Chris Barnett on Business Travel
Tapping Into TAP's Transatlantic Revival
Thursday, August 31, 2017 -- For most of its 72-year history, TAP Air Portugal was a quiet, government-owned flag carrier that linked far-flung colonies with the homeland and wooed vacationers with Portugal's sunny cities and tasty food and wines. But when Portugal and the other PIGS--Italy, Greece and Spain--descended into financial chaos, TAP--and its North American presence--withered.

In the last 24 months, however, TAP has been engineering a sprightly revival. The airline is once again flying to its Lisbon hub from five North American gateways: New York/Kennedy, Newark, Boston, Miami and Toronto. It has ordered dozens of new long-range Airbus jets and retrofitted existing transatlantic widebodies with a radically upgraded business class. What's more, TAP is now 50 percent privately owned and 100 percent entrepreneurial.

What happened? David Neeleman, the visionary who created JetBlue Airways and then launched Azul Brazilian Airlines.

Two years ago, Neeleman led an investor group that eventually purchased 45 percent of TAP. Employees received five percent of the carrier while the government retained a 50 percent share. Neeleman was given carte blanche to create a new flight plan to get TAP back on the global route map and back to top of mind of U.S. business travelers looking for a reliable airline with a calm, efficient hub serving points throughout Europe and Africa.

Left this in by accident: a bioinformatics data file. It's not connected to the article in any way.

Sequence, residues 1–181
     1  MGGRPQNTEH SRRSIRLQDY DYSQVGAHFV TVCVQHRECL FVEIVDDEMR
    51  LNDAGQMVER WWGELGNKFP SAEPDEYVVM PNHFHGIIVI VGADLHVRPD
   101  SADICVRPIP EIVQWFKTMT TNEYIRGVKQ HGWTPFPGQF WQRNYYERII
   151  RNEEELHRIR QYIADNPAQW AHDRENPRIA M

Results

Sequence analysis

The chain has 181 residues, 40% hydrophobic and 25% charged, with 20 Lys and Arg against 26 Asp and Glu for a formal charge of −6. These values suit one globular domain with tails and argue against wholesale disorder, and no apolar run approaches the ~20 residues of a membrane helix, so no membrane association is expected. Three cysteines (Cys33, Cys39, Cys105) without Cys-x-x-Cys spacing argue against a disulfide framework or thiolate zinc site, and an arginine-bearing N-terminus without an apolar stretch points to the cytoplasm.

Neeleman has promised TAP will have a fleet of brand new and totally refurbished planes by 2020 to further broaden the Portuguese carrier's penetration into North America. In fact, TAP is the launch customer for the widebody Airbus A330-900neo jet. It debuts next year and the aircraft would be ideal for a Chicago-to-Lisbon route and maybe even a return to the West Coast. TAP also is buying new Airbus A321LRs, a narrowbody jet that could serve "long, thin" routes to Lisbon from secondary North American cities such as Montreal, Hartford, Providence and Baltimore. Neeleman predicts TAP's North Atlantic passenger traffic, which doubled in the last 12 months, will double again in a few years.

TAP's revival can be partially attributed to the return of the free stopover, a time-honored airline gimmick. It was launched with a scheme that allows transatlantic flyers to spend three days in Lisbon or Porto and receive hotel discounts and other nice perks. Starting in September, the free stopover gets extended to five days. The program helps TAP pitch itself and its Lisbon hub as flexible and fairly priced alternatives to the megahubs and megacarriers in London, Paris, Amsterdam and Frankfurt.

Some business travelers prefer TAP's "old school ways." Marco Costa, the owner and president of Southern California's Portugal Imports, says he could fly United Airlines all the way to Lisbon from LAX. But he's annoyed by United's "nickel and diming and uncomfortable seats." Instead, he now flies United to Newark and connects there to Lisbon nonstops from TAP.

"It just treats me better," he says. "There are comfortable seats and good meals, even in coach." Plus, he can still earn and burn United MileagePlus miles when he flies on TAP.

Joao Santos, a vice president of the Federal Reserve Bank of New York, has been a TAP loyalist for 20 years. He sees "big improvements, more pleasant experiences, huge differences" since Neeleman's team took control. Santos particularly likes the lie-flat beds in the new business class and the 11:30 p.m. departure from Kennedy. "I can get a good five hours sleep on the six-hour flight," he says.